In regard to specific ECM proteins, Baumbach and colleagues have provided information on the composition of the arteriolar wall, particularly as it relates to the cerebral circulation under physiological conditions and in experimental models of hypertension.10–12 Those studies have emphasized the significant contribution that elastin makes to the overall composition of the vessel wall. From a functional perspective, elastin is an important determinant of arterial distensibility, and hence stiffness, in conduit vessels. Elastin's contribution is particularly relevant at low intraluminal pressures as compared with collagen, which exerts its effects on distensibility at higher pressures.13 Despite this, the functional role of elastin in small arteries and arterioles is less well defined.14
We hypothesized that an adventitial population of elastin-rich fibers exists in the vessel wall that are predominantly arranged in a longitudinal fashion and thereby bear and exert longitudinal mechanical stress in the arteriolar wall. To examine this hypothesis, we predicted that abluminal exposure of isolated arterioles to elastase would cause vessel lengthening. Furthermore, we predicted that this response to elastase would be absent in vessels lacking an overt external elastic lamina (such as small cerebral arteries).
Materials and Methods
All studies were performed on arterial blood vessels obtained from male Sprague-Dawley rats (175–250 g, 6–9 weeks of age). Surgical and animal handling procedures were approved by the Animal Care and Use Committee of the University of Missouri.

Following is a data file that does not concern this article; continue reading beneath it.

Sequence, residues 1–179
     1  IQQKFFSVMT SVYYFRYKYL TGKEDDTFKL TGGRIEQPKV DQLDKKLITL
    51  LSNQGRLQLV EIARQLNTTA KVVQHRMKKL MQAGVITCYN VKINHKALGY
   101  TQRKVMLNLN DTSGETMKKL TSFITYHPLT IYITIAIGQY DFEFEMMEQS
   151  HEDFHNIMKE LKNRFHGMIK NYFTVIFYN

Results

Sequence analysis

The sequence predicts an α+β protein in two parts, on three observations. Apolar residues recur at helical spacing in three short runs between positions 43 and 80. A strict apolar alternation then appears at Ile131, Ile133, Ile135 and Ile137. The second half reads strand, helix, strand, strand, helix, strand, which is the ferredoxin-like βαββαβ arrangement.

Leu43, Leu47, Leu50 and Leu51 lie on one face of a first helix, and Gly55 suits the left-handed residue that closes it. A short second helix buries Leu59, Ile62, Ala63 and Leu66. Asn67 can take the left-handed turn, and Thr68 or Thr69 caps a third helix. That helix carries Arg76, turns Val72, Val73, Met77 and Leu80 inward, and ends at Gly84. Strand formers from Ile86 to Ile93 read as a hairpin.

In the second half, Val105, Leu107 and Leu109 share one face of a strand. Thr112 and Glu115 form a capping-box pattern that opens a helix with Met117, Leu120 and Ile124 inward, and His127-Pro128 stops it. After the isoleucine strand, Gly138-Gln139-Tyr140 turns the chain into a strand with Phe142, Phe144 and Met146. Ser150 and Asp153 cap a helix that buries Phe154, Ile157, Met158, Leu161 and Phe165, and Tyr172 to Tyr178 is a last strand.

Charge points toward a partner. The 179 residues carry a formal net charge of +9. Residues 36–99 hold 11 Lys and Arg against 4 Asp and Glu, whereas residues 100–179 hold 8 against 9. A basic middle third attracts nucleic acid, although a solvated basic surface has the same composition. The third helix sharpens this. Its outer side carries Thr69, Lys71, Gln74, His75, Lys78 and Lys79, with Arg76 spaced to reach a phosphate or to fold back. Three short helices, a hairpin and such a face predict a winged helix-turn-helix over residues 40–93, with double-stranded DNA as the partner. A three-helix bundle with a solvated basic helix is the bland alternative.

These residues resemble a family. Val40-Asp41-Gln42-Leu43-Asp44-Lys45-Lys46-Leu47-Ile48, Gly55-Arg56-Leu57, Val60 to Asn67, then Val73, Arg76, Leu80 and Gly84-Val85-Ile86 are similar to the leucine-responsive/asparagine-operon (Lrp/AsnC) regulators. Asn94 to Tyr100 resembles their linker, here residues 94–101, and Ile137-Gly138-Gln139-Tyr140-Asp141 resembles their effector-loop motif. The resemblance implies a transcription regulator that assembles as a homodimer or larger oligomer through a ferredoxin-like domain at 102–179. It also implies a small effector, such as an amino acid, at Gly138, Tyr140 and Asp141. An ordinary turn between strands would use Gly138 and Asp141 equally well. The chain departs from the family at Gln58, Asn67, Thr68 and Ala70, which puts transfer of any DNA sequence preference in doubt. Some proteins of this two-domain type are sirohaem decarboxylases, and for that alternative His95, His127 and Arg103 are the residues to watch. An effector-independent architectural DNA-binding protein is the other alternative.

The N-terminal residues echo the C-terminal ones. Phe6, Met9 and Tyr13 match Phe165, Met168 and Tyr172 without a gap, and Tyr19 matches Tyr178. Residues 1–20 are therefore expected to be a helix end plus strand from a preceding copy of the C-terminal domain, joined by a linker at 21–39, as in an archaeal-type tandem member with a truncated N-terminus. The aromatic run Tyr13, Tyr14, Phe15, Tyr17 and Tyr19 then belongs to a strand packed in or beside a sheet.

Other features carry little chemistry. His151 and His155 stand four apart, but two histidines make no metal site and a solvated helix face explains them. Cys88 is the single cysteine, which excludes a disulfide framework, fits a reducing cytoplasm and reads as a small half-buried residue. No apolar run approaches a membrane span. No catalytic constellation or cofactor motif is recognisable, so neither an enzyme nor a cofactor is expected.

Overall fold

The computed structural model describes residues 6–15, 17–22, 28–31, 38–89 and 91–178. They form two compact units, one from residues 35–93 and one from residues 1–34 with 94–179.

Vessel Isolation, Cannulation, and Study
Cremaster first-order (1A) arterioles, small cerebral arteries, and mesenteric arteries were isolated from rats as previously described and cannulated for isobaric protocols15,16 (see supplemental material, available online at http://atvb.ahajournals.org). Arterioles were exposed for 5 minutes to porcine pancreatic elastase (0.05 U/mL) and then washed for 20 minutes. Vasomotor responses were then reassessed. In some experiments, vessels were superfused with a 0 mmol/L Ca2+ physiological salt solution containing 2 mmol/L EGTA to allow passive distensibility (pressure-diameter) relationships to be determined before and after elastase treatment. All elastase digestions were performed in the presence of a Ca2+-containing physiological salt solution.
Imaging and 3D Reconstruction/Data Analysis
Pressurized arterioles were fixed (2% paraformaldehyde) and stained with Alexa 633 hydrazide (0.2 μmol/L, excitation 633/emission 700 nm; nonselective matrix staining dye), anti-elastin antibody (primary antibody dilution 1:100; secondary antibody, 491/515 nm) and a nuclear stain Yo-Pro-1 iodide (491/515 nm) or 4′,6-diamidino-2-phenylindole (500 ng/mL, excitation: 355, emission: 400–450 nm).17 A subset of vessels were stained for type I collagen using an anti-rat polyclonal antibody (Millipore; 1:1000, 1 μg/mL) and a goat anti-rabbit Alexa Fluor 488 secondary antibody (20 μg/mL).
3D confocal microscopy was used to visualize ECM within the arteriole wall. Imaging was performed using a Leica TCS-SP5 microscope in conjunction with a Leica ×63 water immersion objective lens (numerical aperture 1.2) and Leica LAS AF image acquisition software. Images (512×512 pixels) were acquired at a resolution of 0.48 μm/pixel at 400 Hz. Line averaging (3 scans) was performed to reduce the low frequency noise. z-Dimension step size was 0.05 to 0.3 μm for all z-stacks. All acquisitions represent 8-bit TIFF gray scale images. Post-image-acquisition analyses were performed using ImageJ (National Institutes of Health, Bethesda, MD), Imaris (Bitplane Scientific Software, South Windsor, CT), and Image Pro (Media Cybernetics, Bethesda, MD).
See supplemental material for detailed Materials and Methods, including additional information relating to image acquisition and processing.
Chemicals and Reagents